I usually blog from my apartment in Utrecht, but now that the corona measures have been considerably lifted, I am finding that I can indeed blog from wherever I like.
Right now, I am on a train to Den Helder from Utrecht, and I am extremely grateful for how easy it is to get around using public transport in this country. Because if you’re Dutch and you’re reading this, you know that Den Helder is FAR from the more central parts of the country.
One of my favorite things about taking the train in the Netherlands is to of course get a good view of the country-side and the quaint towns and cities you pass by. The route from Utrecht to Den Helder is no exception.
Of course, you first pass by Amsterdam. And even if you’re not a city person, you have to admit that the view of Amsterdam and its canals absolutely takes your breath away.
Because I am a city person, and I live in a decently sized city in the Netherlands, those are indeed where most of my experiences in the country come from.
But today, I don’t want to talk about big cities. I want to talk about the little towns and smaller cities. Because that is such a different way of living! Okay, maybe not vastly different, but still quite different.
When I moved to the Netherlands, while I moved to Amsterdam, I actually found work in a town outside the city. So everyday, I would take the train in to work, and get to experience a different side of the Netherlands.
The things that struck me the most were not the differences between the bigger cities in the Netherlands versus the smaller cities and town, but rather, how the less urban places in the Netherlands compared to the less urban places in the US.
Dutch towns are absolutely adorable! They are complete with charming houses and cobblestone streets. My first week of work, I was completely fascinated by the smaller streets and local cafes. It looked like something out of a movie.
When I think about Dutch towns and try to compare them to places in the US, I can only think of fake towns in TV shows or movies. Like “Stars Hollow” in Gilmore Girls. But even that doesn’t quite come close.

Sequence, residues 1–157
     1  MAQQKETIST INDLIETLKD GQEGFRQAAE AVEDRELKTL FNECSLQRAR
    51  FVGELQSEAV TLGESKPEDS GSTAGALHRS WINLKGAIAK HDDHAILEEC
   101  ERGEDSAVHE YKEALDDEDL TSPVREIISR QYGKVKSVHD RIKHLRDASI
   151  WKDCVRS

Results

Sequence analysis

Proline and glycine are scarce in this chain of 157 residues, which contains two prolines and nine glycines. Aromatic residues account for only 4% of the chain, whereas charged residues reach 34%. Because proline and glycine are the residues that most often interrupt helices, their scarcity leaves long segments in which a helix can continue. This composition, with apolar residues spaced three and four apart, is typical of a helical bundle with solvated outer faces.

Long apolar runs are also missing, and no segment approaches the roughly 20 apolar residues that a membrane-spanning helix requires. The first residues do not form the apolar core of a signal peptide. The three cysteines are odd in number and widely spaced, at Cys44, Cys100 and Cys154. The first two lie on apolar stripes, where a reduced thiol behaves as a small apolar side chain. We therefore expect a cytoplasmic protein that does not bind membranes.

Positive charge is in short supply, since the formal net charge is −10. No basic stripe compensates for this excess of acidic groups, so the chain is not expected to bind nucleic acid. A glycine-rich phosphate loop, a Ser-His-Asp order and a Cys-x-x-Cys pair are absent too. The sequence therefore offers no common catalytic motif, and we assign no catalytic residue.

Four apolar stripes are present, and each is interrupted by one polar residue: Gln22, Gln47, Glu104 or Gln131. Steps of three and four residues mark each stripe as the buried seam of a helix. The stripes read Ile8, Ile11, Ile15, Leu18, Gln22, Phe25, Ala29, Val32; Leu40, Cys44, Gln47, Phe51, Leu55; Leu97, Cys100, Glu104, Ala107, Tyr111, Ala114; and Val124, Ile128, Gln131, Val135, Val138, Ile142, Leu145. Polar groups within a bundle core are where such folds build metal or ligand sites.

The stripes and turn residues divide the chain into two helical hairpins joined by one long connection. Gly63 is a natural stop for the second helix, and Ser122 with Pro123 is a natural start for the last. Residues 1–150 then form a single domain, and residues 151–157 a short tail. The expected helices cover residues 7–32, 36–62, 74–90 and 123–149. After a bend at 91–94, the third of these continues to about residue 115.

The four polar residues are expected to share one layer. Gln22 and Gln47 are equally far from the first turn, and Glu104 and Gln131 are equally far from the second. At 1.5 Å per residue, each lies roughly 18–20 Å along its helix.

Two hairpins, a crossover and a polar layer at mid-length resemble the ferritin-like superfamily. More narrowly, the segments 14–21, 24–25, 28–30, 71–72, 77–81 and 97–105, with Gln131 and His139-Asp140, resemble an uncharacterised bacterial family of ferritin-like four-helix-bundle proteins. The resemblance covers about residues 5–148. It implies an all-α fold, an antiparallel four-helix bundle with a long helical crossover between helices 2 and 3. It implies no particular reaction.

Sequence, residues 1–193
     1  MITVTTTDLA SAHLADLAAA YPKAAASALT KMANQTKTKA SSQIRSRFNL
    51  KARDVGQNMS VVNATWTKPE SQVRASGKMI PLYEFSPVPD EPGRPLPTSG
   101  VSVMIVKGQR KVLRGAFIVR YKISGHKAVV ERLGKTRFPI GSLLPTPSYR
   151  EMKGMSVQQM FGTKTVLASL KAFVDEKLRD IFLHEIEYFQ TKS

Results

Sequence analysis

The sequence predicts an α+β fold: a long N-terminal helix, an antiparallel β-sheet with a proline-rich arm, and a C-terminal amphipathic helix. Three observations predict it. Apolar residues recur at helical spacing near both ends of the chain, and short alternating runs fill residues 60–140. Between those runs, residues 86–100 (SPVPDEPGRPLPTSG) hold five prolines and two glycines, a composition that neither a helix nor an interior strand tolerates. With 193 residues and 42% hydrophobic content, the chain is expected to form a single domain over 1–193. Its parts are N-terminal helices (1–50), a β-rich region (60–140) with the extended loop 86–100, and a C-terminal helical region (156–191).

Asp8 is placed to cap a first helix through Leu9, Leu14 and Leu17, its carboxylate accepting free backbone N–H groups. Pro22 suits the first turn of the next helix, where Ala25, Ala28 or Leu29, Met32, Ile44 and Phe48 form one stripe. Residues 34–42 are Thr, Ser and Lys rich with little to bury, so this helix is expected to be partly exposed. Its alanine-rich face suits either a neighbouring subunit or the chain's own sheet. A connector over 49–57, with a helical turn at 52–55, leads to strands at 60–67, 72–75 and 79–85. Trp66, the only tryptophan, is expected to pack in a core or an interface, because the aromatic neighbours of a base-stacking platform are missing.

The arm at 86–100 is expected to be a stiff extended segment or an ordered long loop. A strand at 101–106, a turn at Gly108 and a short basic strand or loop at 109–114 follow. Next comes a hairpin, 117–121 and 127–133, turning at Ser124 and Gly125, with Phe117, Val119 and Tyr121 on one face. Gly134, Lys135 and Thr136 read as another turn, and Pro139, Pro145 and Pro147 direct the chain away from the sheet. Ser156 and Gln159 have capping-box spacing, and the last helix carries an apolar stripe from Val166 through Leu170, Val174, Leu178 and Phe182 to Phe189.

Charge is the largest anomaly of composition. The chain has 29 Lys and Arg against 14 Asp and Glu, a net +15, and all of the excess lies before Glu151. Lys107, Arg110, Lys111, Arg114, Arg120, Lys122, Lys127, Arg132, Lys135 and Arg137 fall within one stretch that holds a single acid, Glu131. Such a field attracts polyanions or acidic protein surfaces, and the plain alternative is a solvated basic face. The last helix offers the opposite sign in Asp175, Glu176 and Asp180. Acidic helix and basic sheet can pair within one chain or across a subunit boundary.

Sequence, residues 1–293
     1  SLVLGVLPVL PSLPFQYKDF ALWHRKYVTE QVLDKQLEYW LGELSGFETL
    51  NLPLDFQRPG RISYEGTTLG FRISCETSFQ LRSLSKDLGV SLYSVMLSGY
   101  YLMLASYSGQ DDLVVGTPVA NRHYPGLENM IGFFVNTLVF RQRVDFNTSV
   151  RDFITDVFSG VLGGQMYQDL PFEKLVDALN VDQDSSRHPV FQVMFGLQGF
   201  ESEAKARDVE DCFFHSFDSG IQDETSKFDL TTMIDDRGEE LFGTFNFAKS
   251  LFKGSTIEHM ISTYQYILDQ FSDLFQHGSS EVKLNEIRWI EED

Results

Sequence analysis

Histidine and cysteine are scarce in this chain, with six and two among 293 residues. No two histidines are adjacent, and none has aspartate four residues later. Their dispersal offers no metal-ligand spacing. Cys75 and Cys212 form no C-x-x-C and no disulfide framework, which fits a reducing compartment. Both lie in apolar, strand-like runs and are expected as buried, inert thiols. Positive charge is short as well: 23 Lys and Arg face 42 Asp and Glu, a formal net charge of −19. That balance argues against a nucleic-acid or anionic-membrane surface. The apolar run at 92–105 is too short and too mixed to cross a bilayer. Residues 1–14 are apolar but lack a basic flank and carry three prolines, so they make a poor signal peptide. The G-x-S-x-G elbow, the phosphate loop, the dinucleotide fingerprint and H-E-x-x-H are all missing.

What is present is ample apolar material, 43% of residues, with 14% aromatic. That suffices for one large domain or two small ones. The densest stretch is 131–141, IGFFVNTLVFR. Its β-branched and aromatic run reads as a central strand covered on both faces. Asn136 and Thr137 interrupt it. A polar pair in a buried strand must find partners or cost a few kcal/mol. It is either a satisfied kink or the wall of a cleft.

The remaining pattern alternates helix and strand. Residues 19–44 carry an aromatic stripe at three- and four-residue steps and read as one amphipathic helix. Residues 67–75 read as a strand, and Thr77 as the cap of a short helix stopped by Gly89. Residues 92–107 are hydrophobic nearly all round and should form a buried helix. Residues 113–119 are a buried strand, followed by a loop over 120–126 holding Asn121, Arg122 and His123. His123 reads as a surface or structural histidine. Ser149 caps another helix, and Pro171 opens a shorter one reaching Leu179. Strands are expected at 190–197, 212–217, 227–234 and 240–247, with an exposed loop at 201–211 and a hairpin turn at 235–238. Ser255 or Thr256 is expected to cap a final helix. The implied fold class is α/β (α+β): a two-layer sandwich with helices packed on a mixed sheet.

The thing about visiting these little towns—or even smaller cities—in the Netherlands is that the houses, stores, and cafes in them can be old and beautiful. Which makes them unique! I had never seen a grocery store with a thatched roof before.
The other thing that I’ve noticed is that many of these towns have a church. From what I’ve seen, it doesn’t matter how small the town, you’ll probably find a church in it. I just did a quick search, and turns out, there are 6,900 churches in the Netherlands! For a country with 17 million people, that’s a lot of church to go around.
Being the American that I am, I of course wanted to surround myself with as much old European beauty as possible. Well, the churches definitely help with that. I felt like my life was complete when I would walk along the cute cobblestone streets with a coffee in my hand, surrounded by these beautiful houses and a church in the background.
This is life in the Netherlands!
I am a big city person, so the fact that these Dutch towns are making me at least consider moving out of the city is a HUGE DEAL. I probably won’t be making this leap any time soon, but I can say that after living in the Netherlands for a while, I have come to appreciate what these towns have to offer.
Can we talk about how there always seems to be a town square? Like, how amazing is that?! And often, there is a market during the week or weekend in the square for people to buy more reasonably priced produce, bread, and cheese. Okay, to be clear, big cities in the Netherlands have squares too. A lot of them. But I was surprised at how this was part of the smaller towns.
The one thing that is similar between American and Dutch towns is the fact that you will most likely find one main street that houses many of the cafes and stores. I absolutely love this. The the town where I work, I can get a croissant from a bakery (delicious) and simply pop in to the cafe next to it to get a fresh brew of coffee to-go (also delicious). Sometimes it’s nice when places are so close to each other!
The difference between American and Dutch towns, though, is of course that in the US, the larger stores and shops are all often located in one shopping plaza. Because of these plazas, you can go to a movie, restaurant, and a HUGE shop like Walmart all in one place. I don’t mind these so much, but they’re not particularly pretty.
This is not to say that you won’t have to drive to larger stores if you’re in a small town in the Netherlands. I think by definition, that’s often the case. But while I’ve seen larger buildings and stores scattered across roughly the same part of a suburb, I have yet to see the infamous strip malls and shopping plazas that we have in the US.
What I am really impressed by in the Netherlands is that there seems to be fairly decent access to public transport even to the smaller towns. The trains are less frequent and you may have to transfer, but you can still get there! Of course, the US is quite big so to have that kind of connection to most of the smaller towns would be quite the undertaking. I don’t think we’re there yet.